Friday, 16 November 2007

Tensions and Ambiguities

Images taken from the Electronic Atlas of the Developing Human Brain.

I recently completed the first part of my a placement at PEALS - which is the Policy, Ethics And Life Sciences research Centre, based in Newcastle upon Tyne.

'The Policy, Ethics and Life Sciences (PEALS) Research Centre was established in 1999 as a partnership between the Universities of Durham and Newcastle and the Centre for Life. PEALS aims to research, inform and improve policy, professional practice and public participation in the life sciences. We particularly promote research and debate on the social and ethical aspects of genetics and other life sciences.'

Text taken from the PEALS website

Part of my placement has been spent in the lab, looking specifically at gene expression in early human development. This is research led by Prof. Susan Lindsay and goes under the name of DGEMap

'Developmental Gene Expression Map. (DGEMap) DGEMap is an EU funded project which aims to define the organisational structures, ethical framework, and technologies for molecular genetics and informatics necessary for a proposed new infrastructure for research on gene expression in early human development. This particular field of research uses embryonic or foetal tissue recovered from legal elective termination of pregnancy or miscarriage. Clearly, cultural and social attitudes to research using such material vary significantly throughout members of the European Union . Thus, the ethical framework for using these tissues in a pan-European research facility needs to be carefully evaluated and assessed. PEALS is exploring the social, legal and ethical issues associated with science that uses such tissue, with the aim of providing a framework of considerations for an ethically robust research governance framework for the proposed new infrastructure. We have conducted a review of the social science and bioethics literature in this area, in addition to identifying the, often complex and contradictory, legislation and regulatory guidelines in place for working with human developmental tissue throughout the EU. We have also conducted a survey of some scientists in the field and identified a strong desire for the provision of ethics training to staff at all stages of their careers. We will follow this up with a number of interviews with senior scientists engaged in human developmental research, in order to elicit their views on the strengths of the existing systems of governance under which they operate, and the challenges they encounter. A symposium of invited scientists, lawyers, philosophers and social scientists was held in early 2007, where the issues identified in the literature review were discussed and other areas of concern and interest identified. Two topics were thought to deserve particular attention; consent for the donation of tissue to research and engagement with the wider public on the value of this research.'

Text taken from the PEALS website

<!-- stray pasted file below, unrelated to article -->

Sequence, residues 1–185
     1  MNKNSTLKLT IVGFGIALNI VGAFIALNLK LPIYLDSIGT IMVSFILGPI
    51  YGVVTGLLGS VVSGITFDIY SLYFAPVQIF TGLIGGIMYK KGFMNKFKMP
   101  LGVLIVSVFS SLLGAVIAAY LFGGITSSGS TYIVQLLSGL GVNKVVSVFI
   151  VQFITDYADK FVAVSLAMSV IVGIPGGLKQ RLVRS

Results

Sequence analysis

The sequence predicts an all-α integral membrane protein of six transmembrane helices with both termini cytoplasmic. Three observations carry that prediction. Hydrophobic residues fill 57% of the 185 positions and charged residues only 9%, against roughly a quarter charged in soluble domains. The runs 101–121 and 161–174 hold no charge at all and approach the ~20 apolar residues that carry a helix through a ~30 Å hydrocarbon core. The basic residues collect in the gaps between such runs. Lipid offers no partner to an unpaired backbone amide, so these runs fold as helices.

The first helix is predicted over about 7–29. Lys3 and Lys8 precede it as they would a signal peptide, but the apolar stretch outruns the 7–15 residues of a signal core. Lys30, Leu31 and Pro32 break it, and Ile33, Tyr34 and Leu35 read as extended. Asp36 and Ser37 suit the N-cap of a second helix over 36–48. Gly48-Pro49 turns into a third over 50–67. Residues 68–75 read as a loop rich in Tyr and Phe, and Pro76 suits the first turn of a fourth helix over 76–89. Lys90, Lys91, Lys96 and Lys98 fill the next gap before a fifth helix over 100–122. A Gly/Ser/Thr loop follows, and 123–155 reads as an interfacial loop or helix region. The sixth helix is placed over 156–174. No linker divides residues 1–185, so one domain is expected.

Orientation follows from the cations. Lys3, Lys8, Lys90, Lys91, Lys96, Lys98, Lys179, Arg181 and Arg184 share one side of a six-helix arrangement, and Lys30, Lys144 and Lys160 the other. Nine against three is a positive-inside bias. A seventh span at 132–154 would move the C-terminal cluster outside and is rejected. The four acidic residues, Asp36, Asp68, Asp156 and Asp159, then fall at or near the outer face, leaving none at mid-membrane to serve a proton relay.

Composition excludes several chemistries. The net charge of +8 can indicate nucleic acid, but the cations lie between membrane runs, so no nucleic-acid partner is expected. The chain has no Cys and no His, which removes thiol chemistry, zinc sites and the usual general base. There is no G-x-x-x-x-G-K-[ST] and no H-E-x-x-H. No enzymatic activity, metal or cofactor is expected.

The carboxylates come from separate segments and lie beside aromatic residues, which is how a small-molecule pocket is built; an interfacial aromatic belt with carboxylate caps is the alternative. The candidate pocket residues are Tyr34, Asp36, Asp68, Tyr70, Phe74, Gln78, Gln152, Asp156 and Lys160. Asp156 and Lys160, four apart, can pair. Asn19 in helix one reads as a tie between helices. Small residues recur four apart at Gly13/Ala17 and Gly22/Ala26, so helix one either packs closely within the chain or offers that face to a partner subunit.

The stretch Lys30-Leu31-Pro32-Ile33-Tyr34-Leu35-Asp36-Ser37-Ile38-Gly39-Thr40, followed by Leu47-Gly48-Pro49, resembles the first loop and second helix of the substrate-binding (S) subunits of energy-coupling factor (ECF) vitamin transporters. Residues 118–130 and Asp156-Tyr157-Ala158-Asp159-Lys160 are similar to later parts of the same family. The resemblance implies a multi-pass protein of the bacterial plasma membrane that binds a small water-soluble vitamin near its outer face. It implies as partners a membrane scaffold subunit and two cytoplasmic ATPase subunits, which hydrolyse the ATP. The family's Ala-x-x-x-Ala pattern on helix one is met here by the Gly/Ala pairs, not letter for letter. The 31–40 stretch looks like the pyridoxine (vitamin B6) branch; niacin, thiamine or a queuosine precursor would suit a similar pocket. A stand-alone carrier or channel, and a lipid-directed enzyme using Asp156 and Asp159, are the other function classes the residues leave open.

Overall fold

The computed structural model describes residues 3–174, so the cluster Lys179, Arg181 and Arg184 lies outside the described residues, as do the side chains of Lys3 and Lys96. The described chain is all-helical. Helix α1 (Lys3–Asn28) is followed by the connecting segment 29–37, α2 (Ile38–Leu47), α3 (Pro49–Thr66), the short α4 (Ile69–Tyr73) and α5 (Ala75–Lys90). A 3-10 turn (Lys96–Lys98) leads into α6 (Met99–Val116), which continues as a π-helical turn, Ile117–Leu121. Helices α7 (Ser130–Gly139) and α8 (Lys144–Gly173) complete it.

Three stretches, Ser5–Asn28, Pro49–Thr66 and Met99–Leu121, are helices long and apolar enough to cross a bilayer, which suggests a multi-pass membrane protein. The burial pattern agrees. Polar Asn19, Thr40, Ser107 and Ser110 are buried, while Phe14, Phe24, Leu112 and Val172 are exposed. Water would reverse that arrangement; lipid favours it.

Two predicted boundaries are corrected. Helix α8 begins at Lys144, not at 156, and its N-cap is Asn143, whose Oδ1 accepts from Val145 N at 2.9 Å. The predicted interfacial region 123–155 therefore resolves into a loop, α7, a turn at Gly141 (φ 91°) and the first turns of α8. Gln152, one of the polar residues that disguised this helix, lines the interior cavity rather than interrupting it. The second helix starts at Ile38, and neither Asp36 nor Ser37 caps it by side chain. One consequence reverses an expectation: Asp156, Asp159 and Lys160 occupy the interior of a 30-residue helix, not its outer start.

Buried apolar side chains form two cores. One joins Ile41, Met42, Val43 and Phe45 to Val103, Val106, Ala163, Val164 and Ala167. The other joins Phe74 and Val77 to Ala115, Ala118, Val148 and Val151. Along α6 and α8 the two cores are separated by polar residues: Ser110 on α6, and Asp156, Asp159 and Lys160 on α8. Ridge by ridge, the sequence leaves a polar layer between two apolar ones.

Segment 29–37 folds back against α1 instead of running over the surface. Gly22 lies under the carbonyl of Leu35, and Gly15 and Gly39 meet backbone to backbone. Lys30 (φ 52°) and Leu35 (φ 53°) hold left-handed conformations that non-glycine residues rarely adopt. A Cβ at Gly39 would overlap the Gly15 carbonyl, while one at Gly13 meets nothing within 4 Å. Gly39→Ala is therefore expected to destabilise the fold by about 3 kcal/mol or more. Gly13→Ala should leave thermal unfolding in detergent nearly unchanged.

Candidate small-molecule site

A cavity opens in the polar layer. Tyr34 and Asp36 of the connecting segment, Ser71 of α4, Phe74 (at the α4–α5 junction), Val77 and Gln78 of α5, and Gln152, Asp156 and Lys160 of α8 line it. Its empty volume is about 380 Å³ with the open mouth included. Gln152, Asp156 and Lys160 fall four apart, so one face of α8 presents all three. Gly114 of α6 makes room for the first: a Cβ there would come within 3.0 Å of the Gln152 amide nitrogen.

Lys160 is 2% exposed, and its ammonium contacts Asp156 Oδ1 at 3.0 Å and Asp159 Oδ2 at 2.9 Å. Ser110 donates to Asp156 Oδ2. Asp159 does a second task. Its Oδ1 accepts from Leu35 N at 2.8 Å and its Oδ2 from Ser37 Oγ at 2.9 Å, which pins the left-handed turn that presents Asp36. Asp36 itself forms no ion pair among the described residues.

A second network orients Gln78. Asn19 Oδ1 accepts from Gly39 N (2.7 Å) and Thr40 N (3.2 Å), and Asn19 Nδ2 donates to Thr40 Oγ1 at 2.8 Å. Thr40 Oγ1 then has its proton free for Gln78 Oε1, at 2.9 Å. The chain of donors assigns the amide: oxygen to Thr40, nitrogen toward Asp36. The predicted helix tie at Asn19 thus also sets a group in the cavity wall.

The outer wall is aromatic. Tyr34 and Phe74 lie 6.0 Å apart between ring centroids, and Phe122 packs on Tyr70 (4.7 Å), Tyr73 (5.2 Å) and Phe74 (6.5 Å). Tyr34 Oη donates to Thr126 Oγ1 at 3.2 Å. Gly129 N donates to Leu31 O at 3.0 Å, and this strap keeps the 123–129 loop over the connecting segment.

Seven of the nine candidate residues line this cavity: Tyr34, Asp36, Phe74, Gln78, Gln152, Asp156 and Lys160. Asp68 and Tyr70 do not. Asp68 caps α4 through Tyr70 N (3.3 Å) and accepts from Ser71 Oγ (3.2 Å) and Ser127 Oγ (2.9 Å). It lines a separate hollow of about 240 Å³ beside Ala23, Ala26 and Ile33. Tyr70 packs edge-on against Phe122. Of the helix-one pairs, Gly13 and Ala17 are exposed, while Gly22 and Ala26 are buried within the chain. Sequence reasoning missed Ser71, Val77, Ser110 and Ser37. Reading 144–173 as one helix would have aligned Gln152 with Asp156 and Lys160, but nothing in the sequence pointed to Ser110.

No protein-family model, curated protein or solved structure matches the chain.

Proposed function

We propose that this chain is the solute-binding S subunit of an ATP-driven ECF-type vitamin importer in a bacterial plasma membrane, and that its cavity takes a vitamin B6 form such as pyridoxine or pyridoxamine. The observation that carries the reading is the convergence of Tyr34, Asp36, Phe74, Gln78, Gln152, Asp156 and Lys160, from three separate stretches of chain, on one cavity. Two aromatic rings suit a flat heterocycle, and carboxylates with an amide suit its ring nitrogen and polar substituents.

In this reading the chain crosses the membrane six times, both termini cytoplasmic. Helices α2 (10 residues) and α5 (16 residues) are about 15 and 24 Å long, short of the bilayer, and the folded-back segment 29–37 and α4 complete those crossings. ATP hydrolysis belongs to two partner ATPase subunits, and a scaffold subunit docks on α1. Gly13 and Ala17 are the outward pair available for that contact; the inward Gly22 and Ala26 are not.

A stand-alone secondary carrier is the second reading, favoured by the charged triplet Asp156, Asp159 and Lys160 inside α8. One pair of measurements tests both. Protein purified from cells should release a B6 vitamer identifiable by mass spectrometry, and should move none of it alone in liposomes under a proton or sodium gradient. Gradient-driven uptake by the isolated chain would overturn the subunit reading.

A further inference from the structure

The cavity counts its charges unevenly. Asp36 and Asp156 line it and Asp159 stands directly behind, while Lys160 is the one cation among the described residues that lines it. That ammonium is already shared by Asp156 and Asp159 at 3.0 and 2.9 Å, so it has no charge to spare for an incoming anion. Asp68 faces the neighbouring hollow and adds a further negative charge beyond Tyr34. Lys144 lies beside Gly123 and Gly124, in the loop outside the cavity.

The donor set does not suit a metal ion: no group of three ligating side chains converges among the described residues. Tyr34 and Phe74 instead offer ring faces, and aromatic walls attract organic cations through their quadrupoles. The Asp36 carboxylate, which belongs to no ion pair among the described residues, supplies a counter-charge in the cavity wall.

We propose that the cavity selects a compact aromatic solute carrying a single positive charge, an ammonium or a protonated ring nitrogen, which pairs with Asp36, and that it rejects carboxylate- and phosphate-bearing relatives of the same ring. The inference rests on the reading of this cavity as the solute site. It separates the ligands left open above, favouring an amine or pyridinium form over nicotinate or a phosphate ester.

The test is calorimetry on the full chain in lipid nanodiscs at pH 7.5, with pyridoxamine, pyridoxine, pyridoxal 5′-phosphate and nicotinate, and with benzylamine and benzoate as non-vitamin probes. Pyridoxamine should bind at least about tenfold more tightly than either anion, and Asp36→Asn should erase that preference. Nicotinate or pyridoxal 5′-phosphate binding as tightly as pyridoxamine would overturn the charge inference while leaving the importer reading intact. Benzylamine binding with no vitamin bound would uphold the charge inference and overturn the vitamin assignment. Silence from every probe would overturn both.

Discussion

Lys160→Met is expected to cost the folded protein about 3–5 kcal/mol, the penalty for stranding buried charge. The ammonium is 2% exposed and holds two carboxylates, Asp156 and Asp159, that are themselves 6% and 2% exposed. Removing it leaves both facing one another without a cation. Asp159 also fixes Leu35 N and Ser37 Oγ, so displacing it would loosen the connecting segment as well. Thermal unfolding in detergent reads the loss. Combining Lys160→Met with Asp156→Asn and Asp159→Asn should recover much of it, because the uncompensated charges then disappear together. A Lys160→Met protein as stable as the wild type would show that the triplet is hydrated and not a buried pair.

Below are links relating to this research:

I have to say that, so far, this hasn't been the easiest placement. On entering the lab environment, I found myself coming up against quite a few unexpected challenges; much of these were simply to do with a misunderstanding of 'lab etiquette'.

I initially spent two days at PEALS immersing myself in the ethical issues - the needs and arguments for and against, the ways of talking about genetic research and attempting to get to grips with the super sensitivity needed when approaching work that involves the use of embryonic tissues.

After this short time, I entered the lab environment, spending time as an observer. Almost immediately it felt as though problems were arising - I felt that in some ways I was treated with a sense of suspicion, a little like an intruder and also, that little was understood of potentially how the role of artists within industry, etc could be beneficial. This was initially all a bit of a shock - I had been anticipating that these different practices could meet and inform one another - I felt (and still do) that it's possible to make artwork that can facilitate the raising of issues that are more often written about, collected as data or that become a headline in a tabloid, through the more accessible impact of the visual. These initial difficulties led me to feel that there was an air of defensiveness shrouding the lab and its practices.

I felt that it needed to be acknowledged or explained that the lab dealing with such sensitive work, is not the place to discuss ethical issues or to attempt to enter any personal discussions that working with such rare material evokes. It seems, very predictably and understandably, that it is a necessary to make an emotional and intellectual 'separation' here.

Many of my points here, are obvious in hindsight. Lots of 'stuff' has come out of this: for the lab - how to engage visitors, and for me, how to address and engage in 'separation'. Which oddly enough, appears to be becoming a mutually beneficial relationship.